CANADA’S PROMISES In 1989, the House of Commons unanimously passed a motion to eliminate child poverty by the year 2000 one in seven Canadian children still struggles to have his or her basic needs met one in four First Nations and Inuit children grows up in poverty over 300,000 children rely on food banks
CANADA’S PROMISES In 1992, Canada signed the World Declaration on Nutrition: access to nutritionally adequate and safe food is a right of each individual ensuring every child is able to develop his or her potential should be everyone’s concern each of us has a responsibility to stop the betrayal of Canada’s children, and make the 1992 promise a reality our children do not want excuses—that this is a provincial problem or someone else’s responsibility; our children need food to feed their bodies and minds
STUDENT HUNGER 40% of elementary students and 62% of secondary school students do not eat a nutritious breakfast “When children go to school hungry or poorly nourished, their energy levels, memory, problem-solving skills, creativity, concentration and behaviour are all negatively impacted. … As a result of being hungry at school, these children may not reach their full developmental potential — an outcome that can have a health impact throughout their entire lives (Former Chief Public Health Officer Dr. David Butler-Jones)”
STUDENT HUNGER “I share my apple with my friend every day because my friend doesn’t get to eat an apple. I get tired when I do not eat an apple. My friend doesn’t get breakfast, so he gets really hungry and really tired. So I share my apple, and now my friend doesn’t get tired any more. And guess what, he gets stars on his work now!”
SCHOOL MEALS WORLDWIDE Worldwide, 368 million children –roughly one out of every five — receive a meal at school every day in 169 developed and developing countries In Sweden, children aged six to 16 receive a hot meal each day In Japan, children aged six to 15 receive school meals, with 50 percent of the meals made with local ingredients In Brazil, a massive national nutrition program feeds 47 million students at 190,000 schools each day, improving student health and well-being, and feeding the agricultural economy, local food system and regional economic development
CALL TO ACTION That the federal government work with the provincial and territorial ministers responsible for agriculture, education and health to develop a comprehensive pan- Canadian school nutrition program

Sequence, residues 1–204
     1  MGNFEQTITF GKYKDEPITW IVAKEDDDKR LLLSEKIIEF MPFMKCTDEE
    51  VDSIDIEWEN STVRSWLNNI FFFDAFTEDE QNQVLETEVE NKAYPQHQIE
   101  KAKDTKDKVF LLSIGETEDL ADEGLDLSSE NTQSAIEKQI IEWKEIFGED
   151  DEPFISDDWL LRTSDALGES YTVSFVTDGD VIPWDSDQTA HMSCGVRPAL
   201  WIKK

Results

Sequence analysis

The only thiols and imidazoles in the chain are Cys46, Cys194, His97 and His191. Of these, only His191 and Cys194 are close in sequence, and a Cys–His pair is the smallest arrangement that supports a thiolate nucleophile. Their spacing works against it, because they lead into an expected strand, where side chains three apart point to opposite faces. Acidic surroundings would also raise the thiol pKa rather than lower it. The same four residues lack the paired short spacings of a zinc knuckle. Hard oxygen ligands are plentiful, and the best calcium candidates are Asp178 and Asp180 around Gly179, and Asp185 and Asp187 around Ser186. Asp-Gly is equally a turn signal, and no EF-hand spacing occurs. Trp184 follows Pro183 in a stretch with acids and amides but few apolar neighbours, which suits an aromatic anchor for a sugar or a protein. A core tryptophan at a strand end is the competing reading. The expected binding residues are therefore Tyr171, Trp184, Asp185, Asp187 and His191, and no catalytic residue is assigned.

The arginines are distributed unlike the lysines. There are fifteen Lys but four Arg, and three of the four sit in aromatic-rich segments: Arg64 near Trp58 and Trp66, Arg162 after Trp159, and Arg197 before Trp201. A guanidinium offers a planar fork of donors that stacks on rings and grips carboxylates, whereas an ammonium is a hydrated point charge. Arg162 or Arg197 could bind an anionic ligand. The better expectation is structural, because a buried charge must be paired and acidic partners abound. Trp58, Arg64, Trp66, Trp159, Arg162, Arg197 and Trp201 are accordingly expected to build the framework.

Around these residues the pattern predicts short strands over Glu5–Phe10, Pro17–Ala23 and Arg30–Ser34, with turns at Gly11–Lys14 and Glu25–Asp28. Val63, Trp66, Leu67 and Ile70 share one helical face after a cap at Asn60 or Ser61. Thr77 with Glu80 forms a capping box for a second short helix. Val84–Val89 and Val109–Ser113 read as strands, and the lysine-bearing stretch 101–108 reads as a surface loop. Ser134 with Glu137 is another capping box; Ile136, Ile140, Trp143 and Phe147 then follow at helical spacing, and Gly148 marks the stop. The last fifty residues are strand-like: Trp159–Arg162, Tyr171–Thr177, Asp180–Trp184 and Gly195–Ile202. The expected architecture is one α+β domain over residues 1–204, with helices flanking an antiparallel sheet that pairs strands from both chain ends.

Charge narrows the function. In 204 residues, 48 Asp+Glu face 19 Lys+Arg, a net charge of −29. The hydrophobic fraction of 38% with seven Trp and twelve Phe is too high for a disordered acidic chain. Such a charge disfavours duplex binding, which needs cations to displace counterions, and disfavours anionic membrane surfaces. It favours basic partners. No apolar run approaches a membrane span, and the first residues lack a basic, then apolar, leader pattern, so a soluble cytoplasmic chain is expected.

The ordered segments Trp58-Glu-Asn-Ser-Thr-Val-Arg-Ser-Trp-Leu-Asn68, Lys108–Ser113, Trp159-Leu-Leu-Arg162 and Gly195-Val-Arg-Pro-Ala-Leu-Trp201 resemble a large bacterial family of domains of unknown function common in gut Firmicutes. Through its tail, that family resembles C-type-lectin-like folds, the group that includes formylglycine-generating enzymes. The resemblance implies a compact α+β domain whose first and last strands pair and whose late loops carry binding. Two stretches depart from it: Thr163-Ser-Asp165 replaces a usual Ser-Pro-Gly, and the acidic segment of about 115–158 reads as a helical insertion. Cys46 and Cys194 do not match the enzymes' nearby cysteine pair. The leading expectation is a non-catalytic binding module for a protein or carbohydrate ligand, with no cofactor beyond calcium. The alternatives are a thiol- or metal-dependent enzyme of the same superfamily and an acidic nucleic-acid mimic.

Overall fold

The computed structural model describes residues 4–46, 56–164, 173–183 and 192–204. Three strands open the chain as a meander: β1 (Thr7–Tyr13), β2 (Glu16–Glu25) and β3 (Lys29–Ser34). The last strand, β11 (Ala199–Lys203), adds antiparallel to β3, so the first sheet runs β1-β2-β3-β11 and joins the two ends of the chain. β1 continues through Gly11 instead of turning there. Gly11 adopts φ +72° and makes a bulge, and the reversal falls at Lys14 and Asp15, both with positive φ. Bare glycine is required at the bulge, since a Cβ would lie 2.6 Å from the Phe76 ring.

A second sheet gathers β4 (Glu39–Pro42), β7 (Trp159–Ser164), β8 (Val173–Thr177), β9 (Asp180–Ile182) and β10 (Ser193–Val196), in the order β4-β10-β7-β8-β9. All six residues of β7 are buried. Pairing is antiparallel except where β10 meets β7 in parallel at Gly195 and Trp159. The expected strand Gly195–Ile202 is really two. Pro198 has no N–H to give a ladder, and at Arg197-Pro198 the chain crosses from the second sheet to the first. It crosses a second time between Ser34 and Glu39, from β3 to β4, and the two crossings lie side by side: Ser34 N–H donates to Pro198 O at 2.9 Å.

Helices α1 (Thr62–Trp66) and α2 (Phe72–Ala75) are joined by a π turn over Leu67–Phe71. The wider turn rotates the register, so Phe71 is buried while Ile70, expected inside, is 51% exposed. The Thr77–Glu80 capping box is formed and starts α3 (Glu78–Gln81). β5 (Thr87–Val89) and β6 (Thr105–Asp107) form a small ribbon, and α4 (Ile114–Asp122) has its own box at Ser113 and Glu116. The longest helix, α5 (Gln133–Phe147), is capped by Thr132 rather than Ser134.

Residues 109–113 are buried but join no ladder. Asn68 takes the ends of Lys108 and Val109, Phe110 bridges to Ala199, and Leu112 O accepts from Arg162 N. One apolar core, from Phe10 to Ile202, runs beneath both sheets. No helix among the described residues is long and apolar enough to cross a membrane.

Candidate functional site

BENEFITS OF SCHOOL NUTRITION PROGRAMS Nutritious diets and mitigates against childhood obesity Better grades and health, increased motivation, improved likelihood of graduation, and decreased absenteeism and violence Less food insecurity, and reduced risk for chronic diseases and mental health disorders
BENEFITS OF SCHOOL NUTRITION PROGRAMS Research shows that students that eat breakfast every day have an increased graduation rate of 17% The Boston Consulting Group reports that, on average, each high-school graduate contributes an extra $75,000 to the economy; they earn higher salaries than “drop-outs”, pay increased taxes, have lower healthcare costs, and are less dependent on social assistance If providing food at school increases graduation rates by only 3%, a pan-Canadian school meals program in high schools at a cost of $1.25 a day could result in an annual net payback of more than $500 million
BENEFITS OF SCHOOL NUTRITION PROGRAMS Potential economic stimulus for Canadian agriculture is also considerable Realistically, 70% of a pan-Canadian nutrition program could have domestic content with an annual return to Canadian producers of $1.5 billion -as a general rule, for each dollar spent in a community, an additional two to three dollars would be generated through processing, storage, trucking, etc.
“Hi man, hi lady. Thank you for the first apple I ever eaten. I like apples, I want to eat more. I want the apples to come to my school again. My teacher said you bringed the apples. Can you bring apples again? Thank you man, thank you lady. Are you really the apple fairy?”
It is time to end child hunger in Canada. As Buzz Aldrin said: “if we can conquer space, we can conquer child hunger”.